A corporation is a legal entity that exists separately from the business owners, with the owners controlling the corporation through the shares they own. The formation of a corporation is governed by state law, so you may find it helpful to review your state’s specific laws with an experienced lawyer. A corporation status gives the business benefits that are not available to other business forms but, again, these are based on state laws.
C corporation (c-corp)
The profits of corporations formed under subsection C of the Internal Revenue Code are taxed separately from owners’ taxes. Owners can split the corporate profit amongst themselves, resulting in tax savings. There can be unlimited shareholders in a C-corp, and foreign nationals can be owners and investors.
S corporation (s-corp)
These are corporations formed under subchapter S of the tax code. In contrast to a C-corporation, S-corps are closely held, which means you cannot have more than 100 shareholders. Additionally, there are limits on who can be shareholders or invest because it must be a domestic corporation. For a more in-depth discussion about S-corps, you can follow this link.
Limited Liability Company (LLC)
LLCs allow you to adopt the tax benefits of other business forms like partnerships without taking on the personal liability risks that come with operating a partnership. In other words, an LLC is a hybrid of a partnership and a corporation, combining many of the benefits both have to offer.
When you form an LLC, you will most likely be required to file articles of incorporation with your state. These will establish the rights, duties, and obligations of the members. The legal details of starting an LLC are controlled by state law, so who can be a member can vary across the country. Some states allow anyone to be a member, including foreign nationals and corporations.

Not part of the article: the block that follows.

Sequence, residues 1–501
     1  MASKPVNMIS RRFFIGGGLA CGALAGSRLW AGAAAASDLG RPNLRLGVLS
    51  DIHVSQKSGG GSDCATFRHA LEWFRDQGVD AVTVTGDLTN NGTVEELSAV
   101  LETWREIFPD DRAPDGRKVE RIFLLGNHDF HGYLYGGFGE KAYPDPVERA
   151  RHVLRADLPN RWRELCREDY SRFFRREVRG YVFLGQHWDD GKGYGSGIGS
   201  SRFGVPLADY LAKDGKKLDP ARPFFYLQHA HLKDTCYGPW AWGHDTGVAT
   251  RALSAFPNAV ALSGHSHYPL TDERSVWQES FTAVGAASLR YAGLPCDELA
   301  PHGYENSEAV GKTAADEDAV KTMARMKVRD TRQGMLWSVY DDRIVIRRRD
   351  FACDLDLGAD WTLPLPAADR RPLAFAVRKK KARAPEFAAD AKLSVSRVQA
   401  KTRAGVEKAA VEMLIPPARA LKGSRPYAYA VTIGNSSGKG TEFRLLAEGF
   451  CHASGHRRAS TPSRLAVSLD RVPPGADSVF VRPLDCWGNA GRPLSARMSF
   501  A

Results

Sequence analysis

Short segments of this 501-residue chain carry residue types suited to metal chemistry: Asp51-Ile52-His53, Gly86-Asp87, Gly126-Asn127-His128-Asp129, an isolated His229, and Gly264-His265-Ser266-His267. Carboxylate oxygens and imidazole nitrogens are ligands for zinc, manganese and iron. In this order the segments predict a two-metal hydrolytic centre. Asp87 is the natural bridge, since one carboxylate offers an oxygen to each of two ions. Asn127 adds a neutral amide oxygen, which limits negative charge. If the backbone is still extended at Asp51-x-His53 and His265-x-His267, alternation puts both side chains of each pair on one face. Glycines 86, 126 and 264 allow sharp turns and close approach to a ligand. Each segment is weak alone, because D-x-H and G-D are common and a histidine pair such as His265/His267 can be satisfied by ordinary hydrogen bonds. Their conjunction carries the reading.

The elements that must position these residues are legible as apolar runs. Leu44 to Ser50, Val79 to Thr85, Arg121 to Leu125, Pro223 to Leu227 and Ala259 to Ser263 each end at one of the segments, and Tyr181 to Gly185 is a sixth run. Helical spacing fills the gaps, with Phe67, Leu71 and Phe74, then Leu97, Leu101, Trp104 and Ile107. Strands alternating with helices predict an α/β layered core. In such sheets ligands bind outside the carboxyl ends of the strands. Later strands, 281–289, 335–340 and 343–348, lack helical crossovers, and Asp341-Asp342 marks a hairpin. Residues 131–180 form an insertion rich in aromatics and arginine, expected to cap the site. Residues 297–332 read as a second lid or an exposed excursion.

Below are some common questions you might want to consider when meeting with an attorney for the first time.
- What type of business formation is best for me?
- Who can be a shareholder in my business?
- What type of business should I create for the best tax benefits?
- What are the pros and cons of forming a corporation?
- What are the pros and cons of a partnership?
Finding the Right Attorney for Your Needs
It is crucial to approach the right type of attorney—someone who can help you through your entire case. To do so, you can visit the Super Lawyers directory and use the search box to find a lawyer based on your legal issue or location.
To help you get started, you may want to consider looking for a lawyer who practices business organizations law.
Should I Talk to a Lawyer?
Each type of business carries pros and cons, and they will often vary by state. Speaking with an experienced lawyer can help you make the most informed decision that will bring you the structure and benefits you are looking for. Your lawyer can also walk you through getting the necessary licenses and tax ID numbers from your state.
A lawyer will further be able to anticipate potential problems with your business plan and advise you on how to approach them, as well as keep track of deadlines and file all the paperwork with the necessary courts and agencies—giving you one less thing to worry about.